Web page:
ThinkEco is a New York City based company in the Internet-of-Things (IoT) and energy spaces. They’ve created a piece of hardware called the “Modlet” which connects to their website and mobile apps, allowing customers to monitor their home appliances remotely . The software allows the user to view their personal electricity consumption, be able to control it, and consequently save energy. More importantly for the fiscally-motivated, it helps significantly reduce the customer’s electricity bill .
Following both the IoT technology trend and the shift towards eco-consciousness, ThinkEco is capitalizing on a growing market. With ThinkEco, you can control devices such as your air conditioner (the most common use), your TV (a high energy expender), or even your smaller appliances like a toaster . Unbeknownst to many, these devices use electrical energy when they are plugged in even when they are turned off.
Users can also sign up for a program that helps combat high energy use days by decreasing energy consumption for short periods of time during these days. The company believes this helps prevent brown outs and black outs .
Consumer Products 
App for monitoring devices and energy use Extension cord Modlet Modlet plug
There are two main use cases for ThinkEco’s products:
- More moderate A/C temperatures — If you’re leaving work at the end of a hot summer day, instead of arriving home to a hot house and cranking the A/C to a very cold temperature (a common behavior), using ThinkEco’s app, you can turn you’re A/C on at a more reasonable temperature before you get home. While you will be consuming a few more minutes of air conditioning, setting your AC to a more temperate temperature will still very likely save energy since cold A/C temperatures consume so much energy .
- The demand response day program – These days pertain predominantly to A/C units as well. Three times per summer, your A/C (and/or other modlet-connected devices) will shut off for 5 minutes and turn back on 7 degrees warmer . In general, that’s not enough for the average person to notice. Despite only affecting 15 minutes out of a user’s entire summer, they help users save on their electricity bill dramatically .
In addition to the direct-to-consumer products, ThinkEco works closely with energy companies such as ConEd , EnergyStar, and National Grid. You can learn about and obtain ThinkEco products through their respective sites. These companies support ThinkEco because:
- They get data about their users from the program.
- They get bad press about low income neighborhoods in particular being hit by brown outs and black outs.
What they’re doing right
ThinkEco is an innovative company that creates value for all involved parties.
- ThinkEco benefits from selling its hardware and software and helping the world save energy.
- The customer saves on their electric bill and helps the earth.
- Corporations get data on their users and appear socially responsible.
And lucky for ThinkEco, there aren’t very many players in the space currently aside from home security systems who have a different focus (safety and security) but allow you to control appliances remotely too.
It’s also important to note that ThinkEco’s product raises awareness of energy consumption by giving the user insight into their electrical use .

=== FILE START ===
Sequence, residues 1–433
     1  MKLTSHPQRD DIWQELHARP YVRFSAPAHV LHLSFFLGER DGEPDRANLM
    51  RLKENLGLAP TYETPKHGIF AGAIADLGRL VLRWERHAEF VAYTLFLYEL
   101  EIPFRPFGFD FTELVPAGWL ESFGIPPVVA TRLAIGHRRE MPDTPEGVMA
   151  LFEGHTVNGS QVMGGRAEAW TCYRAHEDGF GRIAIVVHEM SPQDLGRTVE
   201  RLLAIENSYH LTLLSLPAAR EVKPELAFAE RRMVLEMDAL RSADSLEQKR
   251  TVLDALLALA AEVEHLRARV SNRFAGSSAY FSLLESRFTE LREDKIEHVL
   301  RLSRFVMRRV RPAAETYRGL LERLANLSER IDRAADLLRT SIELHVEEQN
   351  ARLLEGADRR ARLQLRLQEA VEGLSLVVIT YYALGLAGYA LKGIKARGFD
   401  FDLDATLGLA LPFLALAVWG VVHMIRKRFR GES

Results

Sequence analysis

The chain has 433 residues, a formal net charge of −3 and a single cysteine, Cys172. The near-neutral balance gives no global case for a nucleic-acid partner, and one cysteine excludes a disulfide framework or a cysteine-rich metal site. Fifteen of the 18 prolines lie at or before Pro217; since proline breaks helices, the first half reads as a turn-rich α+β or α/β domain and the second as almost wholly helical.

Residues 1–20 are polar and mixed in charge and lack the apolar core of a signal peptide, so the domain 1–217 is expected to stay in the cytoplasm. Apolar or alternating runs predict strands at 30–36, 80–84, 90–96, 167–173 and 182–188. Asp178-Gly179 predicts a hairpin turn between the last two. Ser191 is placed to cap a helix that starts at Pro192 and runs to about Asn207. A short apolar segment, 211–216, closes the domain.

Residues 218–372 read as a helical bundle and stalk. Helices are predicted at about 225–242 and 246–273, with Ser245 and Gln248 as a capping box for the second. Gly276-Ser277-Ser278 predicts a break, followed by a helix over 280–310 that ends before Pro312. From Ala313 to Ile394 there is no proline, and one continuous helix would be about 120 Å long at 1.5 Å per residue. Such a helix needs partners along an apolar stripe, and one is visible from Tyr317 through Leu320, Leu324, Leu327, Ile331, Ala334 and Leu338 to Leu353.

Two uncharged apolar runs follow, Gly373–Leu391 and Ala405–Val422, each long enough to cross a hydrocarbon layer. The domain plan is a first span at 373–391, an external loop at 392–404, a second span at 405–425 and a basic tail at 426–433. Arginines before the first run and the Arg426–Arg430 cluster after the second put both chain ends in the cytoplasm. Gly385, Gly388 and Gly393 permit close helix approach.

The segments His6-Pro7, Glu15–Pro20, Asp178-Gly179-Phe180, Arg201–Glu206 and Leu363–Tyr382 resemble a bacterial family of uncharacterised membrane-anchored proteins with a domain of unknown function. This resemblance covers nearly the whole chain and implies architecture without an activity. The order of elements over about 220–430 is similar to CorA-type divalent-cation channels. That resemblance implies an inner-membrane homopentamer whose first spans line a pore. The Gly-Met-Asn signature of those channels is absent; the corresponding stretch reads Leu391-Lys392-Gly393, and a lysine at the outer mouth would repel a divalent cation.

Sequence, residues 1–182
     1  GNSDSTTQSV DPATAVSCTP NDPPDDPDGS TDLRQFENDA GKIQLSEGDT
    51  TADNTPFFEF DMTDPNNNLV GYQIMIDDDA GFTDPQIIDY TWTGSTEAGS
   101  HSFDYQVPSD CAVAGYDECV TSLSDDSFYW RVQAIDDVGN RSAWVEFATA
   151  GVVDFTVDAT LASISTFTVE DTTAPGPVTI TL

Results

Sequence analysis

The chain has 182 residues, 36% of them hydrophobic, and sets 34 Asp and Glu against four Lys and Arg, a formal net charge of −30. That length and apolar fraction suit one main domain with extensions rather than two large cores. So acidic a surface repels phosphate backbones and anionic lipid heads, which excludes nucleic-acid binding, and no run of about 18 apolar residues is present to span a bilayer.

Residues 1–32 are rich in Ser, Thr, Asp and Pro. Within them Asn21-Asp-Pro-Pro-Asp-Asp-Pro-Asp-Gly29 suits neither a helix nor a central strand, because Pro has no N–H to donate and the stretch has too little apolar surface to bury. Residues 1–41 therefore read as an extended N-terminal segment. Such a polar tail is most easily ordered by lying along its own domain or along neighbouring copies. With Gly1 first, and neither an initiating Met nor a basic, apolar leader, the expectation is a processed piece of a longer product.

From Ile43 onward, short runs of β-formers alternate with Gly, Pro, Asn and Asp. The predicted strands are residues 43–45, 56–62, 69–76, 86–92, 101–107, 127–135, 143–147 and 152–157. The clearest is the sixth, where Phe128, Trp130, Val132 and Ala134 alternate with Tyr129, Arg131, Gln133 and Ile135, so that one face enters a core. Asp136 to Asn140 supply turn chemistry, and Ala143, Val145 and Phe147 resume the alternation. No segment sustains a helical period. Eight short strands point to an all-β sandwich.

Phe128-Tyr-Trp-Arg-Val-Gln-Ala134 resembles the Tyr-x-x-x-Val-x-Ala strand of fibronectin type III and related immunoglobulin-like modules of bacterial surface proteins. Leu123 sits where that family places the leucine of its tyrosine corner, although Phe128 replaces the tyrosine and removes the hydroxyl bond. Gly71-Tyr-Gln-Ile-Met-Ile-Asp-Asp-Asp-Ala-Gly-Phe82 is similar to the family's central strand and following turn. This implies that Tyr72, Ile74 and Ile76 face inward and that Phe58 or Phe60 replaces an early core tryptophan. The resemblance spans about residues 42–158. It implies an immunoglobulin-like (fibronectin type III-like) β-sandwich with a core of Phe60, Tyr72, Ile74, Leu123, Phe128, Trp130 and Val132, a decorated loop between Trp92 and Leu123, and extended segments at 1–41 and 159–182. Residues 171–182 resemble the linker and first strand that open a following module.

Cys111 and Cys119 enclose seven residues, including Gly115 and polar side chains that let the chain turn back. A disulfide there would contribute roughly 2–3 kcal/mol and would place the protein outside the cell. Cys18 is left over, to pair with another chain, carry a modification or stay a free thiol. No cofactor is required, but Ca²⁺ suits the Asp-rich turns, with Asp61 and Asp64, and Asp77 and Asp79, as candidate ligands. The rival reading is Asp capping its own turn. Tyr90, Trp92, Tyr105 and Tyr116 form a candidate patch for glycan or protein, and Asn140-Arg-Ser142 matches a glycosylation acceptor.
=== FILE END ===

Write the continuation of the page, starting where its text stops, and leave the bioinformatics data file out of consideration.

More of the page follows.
At present, the hardware and software do not perform consistently . Pitfalls include:
- Hardware durability: Some of the pieces of hardware only work for about a month.
- Software: There have been sign up and login issues on the backend.
- Connectivity: It disconnects to the Wi-Fi and few will notice and/or go through the process of reconnecting the devices.
ThinkEco directly benefits from the extreme weather caused by global warming. While currently demand response days only occur about three times per summer, the gradual disappearance of Fall and Spring means that the amount of demand response days will increase, and these programs will be able to provide value for more months of the year.
Geographically, ThinkEco is in New York, Albany, Buffalo and Texas. I’d highly recommend that they expand to California where they are experiencing more extreme weather .
Additionally, while partnerships with energy companies can be difficult since they are usually statewide and not national companies, they should continue to build relationships amongst other states that experience or are likely to experience high amounts of extreme weather.
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 ThinkEco website, http://www.thinkecoinc.com/
 PR Newswire, “ThinkEco Introduces Modlet® for Home: An Intelligent Outlet That Cuts Electricity Bills”, http://www.prnewswire.com/news-releases/thinkeco-introduces-modlet-for-home-an-intelligent-outlet-that-cuts-electricity-bills-112799509.html
 ThinkEco website, http://www.thinkecoinc.com/products/
 Interview with B. Dell, ThinkEco employee, personal communication, November 1, 2016.
 Poughkeepsie Journal, “Green apps can raise environmental awareness,” http://www.poughkeepsiejournal.com/story/tech/science/environment/2015/10/17/environment-green-apps/73980938/
 New York 1, “Keep Your Apartment Cool On The Go with ConEd’s Smart AC Program,” http://www.ny1.com/nyc/all-boroughs/money-matters/2016/06/13/keep-your-apartment-cool-on-the-go-with-con-ed-s-smart-ac-program.html
 USGS CA Water Science Center, “California Drought,” http://ca.water.usgs.gov/data/drought/